Out with the old…

As we close out yet another year, we find ourselves reflecting, making resolutions and promising ourselves that we will change for the better. And we can try…

There is certainly no harm in trying something new. Trying is a success unto itself. Trying is the manifestation of courage. Trying is expanding your zone of limitations. Trying is what keeps us hopeful and hope is what keeps us alive.

I was told very early in my experiences with PTSD that I could never be the person I was ever again, that I should mourn that person and become acquainted with this “new” person. I think what the message should have conveyed was that the person I am at my core had not changed and all of the fear, the physiological chaos that was going on in my body that left me feeling so disconnected, was merely temporary.

You see, when I was told I could never be the same person I’d always known my entire life, that core me that experienced things and evolved and learned, I was in the grips of the tumultuous experience of immediate post traumatic stress. That is a phase of great physiological interruption, a phase where your very brain is so preoccupied trying to regulate and interpret responses to its environment that it has no ability to attend to the “frivolity” of new learning.

Let’s put it simply, my brain was in shock. It suddenly found itself in a version of the movie Groundhog Day, only this version was a horror movie where horrible things replayed over and over and my poor brain was in a constant state of defense trying to protect me against unseen threats.

It settles. It takes a long time but eventually that chaos settles. For some that process will be much longer than for others. It’s been 12 years since my trauma, in that time I’ve endured more trauma and grief which have severely complicated my recovery. My recovery involved sanctuary trauma, stigma, and battling against a severe lack of social support. Through it all I held onto the belief that I was still the same person at my core that I had always been; my Self was still there buried somewhere under chaos trying to get clear again.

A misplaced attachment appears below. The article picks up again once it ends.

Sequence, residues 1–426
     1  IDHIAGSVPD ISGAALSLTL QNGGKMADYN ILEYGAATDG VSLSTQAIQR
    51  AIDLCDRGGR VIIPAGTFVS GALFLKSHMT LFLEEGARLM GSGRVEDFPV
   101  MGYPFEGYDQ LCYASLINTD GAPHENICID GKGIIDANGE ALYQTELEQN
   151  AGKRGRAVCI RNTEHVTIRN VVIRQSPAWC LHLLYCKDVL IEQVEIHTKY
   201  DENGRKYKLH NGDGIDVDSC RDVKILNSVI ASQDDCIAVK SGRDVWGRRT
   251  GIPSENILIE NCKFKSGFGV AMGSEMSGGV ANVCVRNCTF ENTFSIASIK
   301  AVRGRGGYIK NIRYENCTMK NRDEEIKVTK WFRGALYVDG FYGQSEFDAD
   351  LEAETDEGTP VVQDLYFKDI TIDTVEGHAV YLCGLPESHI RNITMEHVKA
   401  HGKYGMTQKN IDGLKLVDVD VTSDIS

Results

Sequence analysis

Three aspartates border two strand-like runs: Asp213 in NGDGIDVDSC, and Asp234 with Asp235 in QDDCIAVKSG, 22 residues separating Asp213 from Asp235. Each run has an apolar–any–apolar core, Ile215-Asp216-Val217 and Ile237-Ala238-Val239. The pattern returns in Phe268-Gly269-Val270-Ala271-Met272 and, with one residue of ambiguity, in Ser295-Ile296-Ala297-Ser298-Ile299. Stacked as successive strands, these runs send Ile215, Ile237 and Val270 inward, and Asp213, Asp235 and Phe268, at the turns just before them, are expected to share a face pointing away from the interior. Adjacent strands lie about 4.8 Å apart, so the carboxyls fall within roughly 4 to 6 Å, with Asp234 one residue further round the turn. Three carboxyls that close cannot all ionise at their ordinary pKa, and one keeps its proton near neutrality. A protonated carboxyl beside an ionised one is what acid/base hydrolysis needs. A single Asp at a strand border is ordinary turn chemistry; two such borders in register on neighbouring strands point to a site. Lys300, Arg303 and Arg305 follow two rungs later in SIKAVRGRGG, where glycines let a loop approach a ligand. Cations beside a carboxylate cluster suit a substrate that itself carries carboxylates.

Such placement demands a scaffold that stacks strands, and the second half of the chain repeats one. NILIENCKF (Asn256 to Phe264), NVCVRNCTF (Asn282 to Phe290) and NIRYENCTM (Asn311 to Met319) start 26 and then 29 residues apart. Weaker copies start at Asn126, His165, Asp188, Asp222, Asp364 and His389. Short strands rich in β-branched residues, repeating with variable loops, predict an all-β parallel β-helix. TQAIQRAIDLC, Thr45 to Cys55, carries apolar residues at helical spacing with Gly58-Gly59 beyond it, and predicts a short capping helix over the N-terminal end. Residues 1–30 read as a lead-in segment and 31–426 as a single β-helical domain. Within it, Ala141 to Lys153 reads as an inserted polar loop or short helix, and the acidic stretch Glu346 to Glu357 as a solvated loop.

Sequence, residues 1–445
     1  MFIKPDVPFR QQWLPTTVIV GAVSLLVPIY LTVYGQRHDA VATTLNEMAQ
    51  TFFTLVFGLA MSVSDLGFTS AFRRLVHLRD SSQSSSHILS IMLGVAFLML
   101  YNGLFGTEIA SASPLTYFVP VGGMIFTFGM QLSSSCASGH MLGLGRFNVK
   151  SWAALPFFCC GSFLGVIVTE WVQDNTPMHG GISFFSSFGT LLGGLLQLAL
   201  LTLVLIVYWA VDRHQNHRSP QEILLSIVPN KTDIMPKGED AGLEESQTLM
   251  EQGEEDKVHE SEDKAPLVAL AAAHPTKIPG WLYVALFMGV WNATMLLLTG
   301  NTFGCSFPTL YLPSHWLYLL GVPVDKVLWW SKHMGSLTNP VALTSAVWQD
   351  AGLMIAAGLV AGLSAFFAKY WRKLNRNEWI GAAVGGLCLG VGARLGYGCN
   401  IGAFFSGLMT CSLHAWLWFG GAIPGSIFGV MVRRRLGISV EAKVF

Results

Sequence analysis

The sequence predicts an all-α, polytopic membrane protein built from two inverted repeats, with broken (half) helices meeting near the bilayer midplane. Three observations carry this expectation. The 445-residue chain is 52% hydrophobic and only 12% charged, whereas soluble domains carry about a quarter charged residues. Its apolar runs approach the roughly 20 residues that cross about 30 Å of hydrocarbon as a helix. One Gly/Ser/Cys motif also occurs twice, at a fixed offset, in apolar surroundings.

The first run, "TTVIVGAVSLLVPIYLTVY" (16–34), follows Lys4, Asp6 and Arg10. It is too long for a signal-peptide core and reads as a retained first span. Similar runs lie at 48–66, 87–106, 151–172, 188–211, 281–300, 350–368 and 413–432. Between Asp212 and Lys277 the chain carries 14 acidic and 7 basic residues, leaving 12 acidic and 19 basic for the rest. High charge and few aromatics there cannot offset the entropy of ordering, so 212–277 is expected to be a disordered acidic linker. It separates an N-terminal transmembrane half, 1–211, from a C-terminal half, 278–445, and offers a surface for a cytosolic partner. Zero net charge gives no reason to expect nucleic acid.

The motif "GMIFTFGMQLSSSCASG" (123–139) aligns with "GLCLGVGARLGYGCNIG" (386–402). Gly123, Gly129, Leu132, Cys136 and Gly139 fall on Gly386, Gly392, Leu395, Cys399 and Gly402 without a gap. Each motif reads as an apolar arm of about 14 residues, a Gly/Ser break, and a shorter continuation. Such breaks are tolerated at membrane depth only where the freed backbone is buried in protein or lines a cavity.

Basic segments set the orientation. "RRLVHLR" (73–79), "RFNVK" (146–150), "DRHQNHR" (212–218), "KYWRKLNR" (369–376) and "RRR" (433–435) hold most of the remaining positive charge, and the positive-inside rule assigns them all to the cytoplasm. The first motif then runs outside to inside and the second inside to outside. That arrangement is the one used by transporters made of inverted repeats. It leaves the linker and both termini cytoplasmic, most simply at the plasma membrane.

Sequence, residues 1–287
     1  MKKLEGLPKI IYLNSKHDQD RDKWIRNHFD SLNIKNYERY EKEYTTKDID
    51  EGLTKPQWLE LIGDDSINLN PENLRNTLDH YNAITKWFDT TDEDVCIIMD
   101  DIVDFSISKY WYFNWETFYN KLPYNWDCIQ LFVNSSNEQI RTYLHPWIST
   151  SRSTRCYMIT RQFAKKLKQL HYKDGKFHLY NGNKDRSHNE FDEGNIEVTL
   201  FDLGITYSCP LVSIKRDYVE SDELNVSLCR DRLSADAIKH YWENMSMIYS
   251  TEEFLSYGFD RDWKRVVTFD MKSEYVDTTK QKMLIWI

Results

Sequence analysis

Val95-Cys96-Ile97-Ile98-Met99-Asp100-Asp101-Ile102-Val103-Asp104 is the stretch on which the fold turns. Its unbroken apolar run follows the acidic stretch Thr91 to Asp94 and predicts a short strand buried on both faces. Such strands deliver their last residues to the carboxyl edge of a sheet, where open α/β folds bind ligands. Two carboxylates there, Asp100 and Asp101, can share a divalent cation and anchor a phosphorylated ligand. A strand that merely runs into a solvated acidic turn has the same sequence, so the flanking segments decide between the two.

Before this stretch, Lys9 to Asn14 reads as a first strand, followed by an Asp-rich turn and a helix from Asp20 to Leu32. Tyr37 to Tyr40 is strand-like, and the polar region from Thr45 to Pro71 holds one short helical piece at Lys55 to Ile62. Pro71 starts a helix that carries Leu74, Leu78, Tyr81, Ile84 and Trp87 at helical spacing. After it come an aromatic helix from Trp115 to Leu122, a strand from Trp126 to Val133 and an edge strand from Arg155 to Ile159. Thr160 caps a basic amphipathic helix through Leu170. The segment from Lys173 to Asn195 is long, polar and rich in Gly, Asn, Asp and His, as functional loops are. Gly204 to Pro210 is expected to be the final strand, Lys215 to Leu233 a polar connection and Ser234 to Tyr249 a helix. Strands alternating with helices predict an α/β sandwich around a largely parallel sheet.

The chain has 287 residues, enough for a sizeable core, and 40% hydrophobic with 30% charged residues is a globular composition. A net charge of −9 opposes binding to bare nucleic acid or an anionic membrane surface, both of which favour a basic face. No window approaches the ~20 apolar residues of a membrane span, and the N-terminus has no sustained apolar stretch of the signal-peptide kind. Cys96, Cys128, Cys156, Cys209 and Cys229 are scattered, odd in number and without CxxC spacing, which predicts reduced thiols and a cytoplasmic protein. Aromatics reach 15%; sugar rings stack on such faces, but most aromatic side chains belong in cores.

I am still that person.

I look at the world differently now because of my experiences; my perception has evolved but my physiology still reacts inappropriately to threat or misinterprets daily occurrences as threats, just not nearly as visibly or as often as it used too – it is still a work in progress.

It’s been a huge learning curve; re-learning how to control my physiology again. It’s biology, neuroscience and psychology all entwined. It’s like untangling a jumble of cords and seeing how they’re supposed to connect then working to reconnect everything. It’s a slow process but there is light at the end of that tunnel. I’m still working to untangle a lot of the mess but at least now, I can function. I can hope. I can see.

I think somewhere along this complex journey, I plugged in a lamp.

PTSD is not a death sentence. It’s merely an evolution of your Self, so promise me this one little thing for 2021, that you’ll hang in there and that no matter what it is, or how insignificant it may seem at the time, you will Try something.

Trying is half the battle.

In solidarity.

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World Suicide Prevention Day

Today is world suicide prevention day. Suicide is one of the most difficult topics to bring up, especially if you’re experiencing suicidal ideation.